This week, small business editor Caitlin Sykes talks to business owners about targeting baby boomer consumers.

Karen Newton is an owner of women's swimwear brand Covertogs.

What proportion of your business comes from baby boomer consumers?

Our target market is older women - baby boomers basically - and we estimate about 80 per cent of our customers are aged 50-plus. The business was actually borne from my own need for swimwear that was functional and helped to keep me active, and I didn't think there was anything on the market at all that met my needs. From the outset I've really used myself as a sample of one to guide my thinking for the business, because I think I'm fairly representative of a lot of baby boomers. We also ran some focus groups around the concept before we launched - I was a market researcher in another life - to hone what the actual product would look like, but it also confirmed my belief there weren't enough comfortable and stylish swimwear options for women my age.

Did your research also explore the potential market size for the opportunity?


Not really, although I knew the population is ageing - that there is a baby boomer 'bulge' and that our life expectancy is increasing.

Women and men now spend a long time retired or semi-retired and they want to have a good quality of life as they age. It seemed a bit of a no-brainer to me that baby boomers would want to keep active and out there.

What's worked for you in terms of connecting with your target baby boomer market?

Selling online was a bit of a punt given we're talking to an older demographic.

We know that women have purchased online for some time, but when we started the business three or four years ago I was a bit unsure if older women would want to purchase swimwear this way. What emerged from our focus group research, and from talking with women since starting the business is they actually really like buying swimwear online - obviously given certain returns and refund policies. Trying on swimwear in shops is something women, especially as they get older, don't necessarily enjoy, so they like being able to try it on in the privacy of their own home and where they can check it out with their nearest and dearest.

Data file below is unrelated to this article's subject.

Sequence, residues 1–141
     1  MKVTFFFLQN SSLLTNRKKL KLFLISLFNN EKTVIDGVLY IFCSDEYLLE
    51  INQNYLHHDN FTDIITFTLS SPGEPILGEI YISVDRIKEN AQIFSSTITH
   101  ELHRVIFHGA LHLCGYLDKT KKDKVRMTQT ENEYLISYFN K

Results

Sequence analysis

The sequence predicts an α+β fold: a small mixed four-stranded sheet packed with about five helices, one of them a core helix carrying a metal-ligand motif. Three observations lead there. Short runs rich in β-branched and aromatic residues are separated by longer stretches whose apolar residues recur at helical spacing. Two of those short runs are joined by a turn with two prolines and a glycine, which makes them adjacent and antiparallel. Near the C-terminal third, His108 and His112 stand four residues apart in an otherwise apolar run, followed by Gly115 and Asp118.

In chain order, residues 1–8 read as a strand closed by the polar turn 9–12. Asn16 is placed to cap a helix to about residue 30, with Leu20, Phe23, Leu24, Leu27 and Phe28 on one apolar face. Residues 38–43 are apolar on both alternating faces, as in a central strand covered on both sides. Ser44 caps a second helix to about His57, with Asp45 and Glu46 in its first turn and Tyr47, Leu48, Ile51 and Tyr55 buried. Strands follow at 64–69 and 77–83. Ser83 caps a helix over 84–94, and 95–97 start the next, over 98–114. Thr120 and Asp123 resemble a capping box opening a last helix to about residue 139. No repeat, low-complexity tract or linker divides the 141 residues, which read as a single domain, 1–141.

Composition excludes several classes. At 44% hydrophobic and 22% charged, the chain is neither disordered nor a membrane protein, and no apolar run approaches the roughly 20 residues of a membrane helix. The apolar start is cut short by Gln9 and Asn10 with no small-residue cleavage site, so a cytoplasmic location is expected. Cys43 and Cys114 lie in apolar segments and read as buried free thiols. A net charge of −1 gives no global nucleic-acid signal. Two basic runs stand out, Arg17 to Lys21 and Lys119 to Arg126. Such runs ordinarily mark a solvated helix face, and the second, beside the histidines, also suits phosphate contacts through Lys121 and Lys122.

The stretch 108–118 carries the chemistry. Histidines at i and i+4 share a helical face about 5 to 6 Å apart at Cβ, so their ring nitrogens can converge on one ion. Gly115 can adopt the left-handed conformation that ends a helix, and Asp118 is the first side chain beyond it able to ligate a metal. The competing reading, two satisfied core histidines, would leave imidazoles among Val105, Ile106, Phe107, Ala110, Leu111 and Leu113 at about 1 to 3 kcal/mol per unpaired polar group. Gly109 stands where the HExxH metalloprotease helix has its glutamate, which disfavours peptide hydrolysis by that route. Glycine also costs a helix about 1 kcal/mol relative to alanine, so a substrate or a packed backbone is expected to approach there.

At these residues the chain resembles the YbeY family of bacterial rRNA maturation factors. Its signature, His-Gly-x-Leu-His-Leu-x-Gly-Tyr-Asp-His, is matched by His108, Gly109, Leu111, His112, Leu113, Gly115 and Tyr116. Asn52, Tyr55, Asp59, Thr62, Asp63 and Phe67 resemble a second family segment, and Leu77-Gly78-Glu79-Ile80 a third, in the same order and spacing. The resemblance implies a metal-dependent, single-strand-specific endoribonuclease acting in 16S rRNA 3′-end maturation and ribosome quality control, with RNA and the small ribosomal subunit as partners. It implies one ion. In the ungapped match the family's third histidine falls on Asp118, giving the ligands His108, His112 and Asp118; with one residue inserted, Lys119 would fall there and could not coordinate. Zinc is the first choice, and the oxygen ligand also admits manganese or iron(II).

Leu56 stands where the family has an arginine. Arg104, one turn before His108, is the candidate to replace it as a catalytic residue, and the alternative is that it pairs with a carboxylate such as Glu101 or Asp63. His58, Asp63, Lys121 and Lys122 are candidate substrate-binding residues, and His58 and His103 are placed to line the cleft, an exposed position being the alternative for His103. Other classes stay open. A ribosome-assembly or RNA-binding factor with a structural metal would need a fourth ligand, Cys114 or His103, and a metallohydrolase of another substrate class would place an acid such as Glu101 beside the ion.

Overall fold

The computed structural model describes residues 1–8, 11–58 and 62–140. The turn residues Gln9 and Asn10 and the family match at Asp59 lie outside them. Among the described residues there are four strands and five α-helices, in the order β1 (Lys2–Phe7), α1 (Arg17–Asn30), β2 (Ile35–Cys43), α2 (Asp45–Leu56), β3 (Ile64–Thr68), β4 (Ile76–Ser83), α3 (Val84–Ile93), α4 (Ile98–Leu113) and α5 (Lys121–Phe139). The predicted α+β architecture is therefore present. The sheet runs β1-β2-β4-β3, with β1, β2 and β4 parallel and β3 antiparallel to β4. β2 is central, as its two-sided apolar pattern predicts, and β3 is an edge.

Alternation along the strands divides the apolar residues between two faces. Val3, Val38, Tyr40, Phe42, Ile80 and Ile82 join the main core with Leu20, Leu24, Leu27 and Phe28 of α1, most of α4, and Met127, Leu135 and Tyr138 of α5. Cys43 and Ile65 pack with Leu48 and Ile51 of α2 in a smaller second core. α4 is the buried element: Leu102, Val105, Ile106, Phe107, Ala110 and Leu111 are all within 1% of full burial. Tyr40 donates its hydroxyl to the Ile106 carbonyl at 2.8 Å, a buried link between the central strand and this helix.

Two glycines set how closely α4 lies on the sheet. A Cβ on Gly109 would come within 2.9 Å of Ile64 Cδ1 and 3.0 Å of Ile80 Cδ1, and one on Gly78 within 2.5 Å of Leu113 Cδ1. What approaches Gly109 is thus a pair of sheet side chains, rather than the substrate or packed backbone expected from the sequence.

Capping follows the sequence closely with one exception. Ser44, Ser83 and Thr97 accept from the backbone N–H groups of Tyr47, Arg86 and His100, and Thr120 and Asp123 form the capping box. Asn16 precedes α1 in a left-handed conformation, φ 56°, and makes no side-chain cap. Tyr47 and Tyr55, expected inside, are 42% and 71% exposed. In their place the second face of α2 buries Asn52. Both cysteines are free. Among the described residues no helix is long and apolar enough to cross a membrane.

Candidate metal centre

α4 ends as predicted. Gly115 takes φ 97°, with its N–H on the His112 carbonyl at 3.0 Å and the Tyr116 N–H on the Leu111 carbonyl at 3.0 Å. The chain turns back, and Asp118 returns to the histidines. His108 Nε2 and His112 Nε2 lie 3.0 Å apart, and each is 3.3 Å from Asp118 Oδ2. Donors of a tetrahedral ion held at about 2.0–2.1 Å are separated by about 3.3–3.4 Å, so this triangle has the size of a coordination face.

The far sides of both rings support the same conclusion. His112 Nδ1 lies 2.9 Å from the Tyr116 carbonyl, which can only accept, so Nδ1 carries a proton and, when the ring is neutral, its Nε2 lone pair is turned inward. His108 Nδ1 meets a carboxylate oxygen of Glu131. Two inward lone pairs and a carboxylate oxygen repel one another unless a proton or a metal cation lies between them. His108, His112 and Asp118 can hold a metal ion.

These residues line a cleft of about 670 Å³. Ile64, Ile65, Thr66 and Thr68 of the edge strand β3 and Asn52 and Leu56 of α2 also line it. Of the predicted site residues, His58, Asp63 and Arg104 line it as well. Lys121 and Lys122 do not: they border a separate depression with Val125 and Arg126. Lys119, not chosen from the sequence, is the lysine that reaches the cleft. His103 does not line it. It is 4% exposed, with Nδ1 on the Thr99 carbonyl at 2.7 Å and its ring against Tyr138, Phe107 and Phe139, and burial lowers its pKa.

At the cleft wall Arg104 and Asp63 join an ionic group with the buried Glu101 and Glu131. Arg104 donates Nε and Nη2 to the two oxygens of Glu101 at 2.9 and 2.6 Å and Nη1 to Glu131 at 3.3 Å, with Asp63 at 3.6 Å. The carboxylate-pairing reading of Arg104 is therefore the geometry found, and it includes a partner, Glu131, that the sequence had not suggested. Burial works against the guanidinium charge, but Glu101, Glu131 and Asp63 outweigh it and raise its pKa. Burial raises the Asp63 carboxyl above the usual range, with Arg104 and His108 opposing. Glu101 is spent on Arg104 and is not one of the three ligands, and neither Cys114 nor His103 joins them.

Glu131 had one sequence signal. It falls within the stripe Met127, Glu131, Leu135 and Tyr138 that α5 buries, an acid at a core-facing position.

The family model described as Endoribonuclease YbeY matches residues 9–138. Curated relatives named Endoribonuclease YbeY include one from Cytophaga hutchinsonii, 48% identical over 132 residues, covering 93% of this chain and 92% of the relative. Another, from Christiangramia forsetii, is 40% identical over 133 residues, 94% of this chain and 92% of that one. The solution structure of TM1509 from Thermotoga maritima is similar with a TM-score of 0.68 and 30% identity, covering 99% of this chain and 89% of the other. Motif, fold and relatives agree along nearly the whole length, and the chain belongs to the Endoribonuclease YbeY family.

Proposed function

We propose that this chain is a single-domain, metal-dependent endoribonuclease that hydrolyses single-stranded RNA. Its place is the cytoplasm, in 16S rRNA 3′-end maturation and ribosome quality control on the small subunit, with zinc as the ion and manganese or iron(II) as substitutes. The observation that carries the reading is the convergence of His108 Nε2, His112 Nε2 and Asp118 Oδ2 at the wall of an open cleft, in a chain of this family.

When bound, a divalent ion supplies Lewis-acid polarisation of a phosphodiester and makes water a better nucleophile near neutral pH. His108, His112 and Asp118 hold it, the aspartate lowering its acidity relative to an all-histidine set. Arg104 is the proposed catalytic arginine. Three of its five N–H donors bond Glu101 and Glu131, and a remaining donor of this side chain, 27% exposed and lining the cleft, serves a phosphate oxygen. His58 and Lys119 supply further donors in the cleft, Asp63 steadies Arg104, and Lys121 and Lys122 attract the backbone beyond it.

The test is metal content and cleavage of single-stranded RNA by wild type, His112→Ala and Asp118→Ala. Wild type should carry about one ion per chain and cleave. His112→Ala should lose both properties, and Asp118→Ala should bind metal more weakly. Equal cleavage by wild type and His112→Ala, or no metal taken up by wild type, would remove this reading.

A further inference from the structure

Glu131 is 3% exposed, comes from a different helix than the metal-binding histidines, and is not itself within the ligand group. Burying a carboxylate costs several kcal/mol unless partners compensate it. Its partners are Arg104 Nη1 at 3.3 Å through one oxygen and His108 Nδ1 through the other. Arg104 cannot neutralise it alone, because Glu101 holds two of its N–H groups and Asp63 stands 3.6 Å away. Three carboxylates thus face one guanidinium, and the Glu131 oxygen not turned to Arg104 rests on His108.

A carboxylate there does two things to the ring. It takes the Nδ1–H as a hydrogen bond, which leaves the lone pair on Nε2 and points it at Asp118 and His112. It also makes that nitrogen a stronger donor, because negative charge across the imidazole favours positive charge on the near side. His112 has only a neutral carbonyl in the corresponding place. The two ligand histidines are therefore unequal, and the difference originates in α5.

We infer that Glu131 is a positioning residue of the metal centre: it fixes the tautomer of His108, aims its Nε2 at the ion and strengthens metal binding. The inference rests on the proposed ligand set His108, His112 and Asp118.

But we've also found print advertising has been the best media for reaching our target market.

In part that's because it's a new product, where people actually have to see it to gain an understanding of the concept. I've been guided by the kinds of media I engage with, so we've steered away from women's and fashion magazines, and gone for things like travel and food publications, as well as local papers. Rural magazines have also worked well for us, given rural women are very familiar with buying online, and in Australia we've done a bit of advertising in caravan and RV publications.

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Soliciting feedback from customers and displaying it on our website has also been helpful, because it conveys that sense of trust that people need when buying online, as has having a phone number on our website. Customers know they can ring or email me directly, which has been huge for building confidence and trust.

On the other hand, are there any avenues you've tried for reaching boomer consumers that hasn't worked so well?

We haven't found social media that successful. We ran some campaigns on Facebook in particular, which did generate a lot of traffic to the website, but there was poor conversion. But with these things it's often just a case of trial and error.

What's next in terms of growing the business?

Currently about eight percent of our sales are from Australia even though we have done very little advertising there. So we've identified there's also a real gap in that market. We've bought an Australian covertogs URL, and will increase our advertising in Australia and expand into that market this year.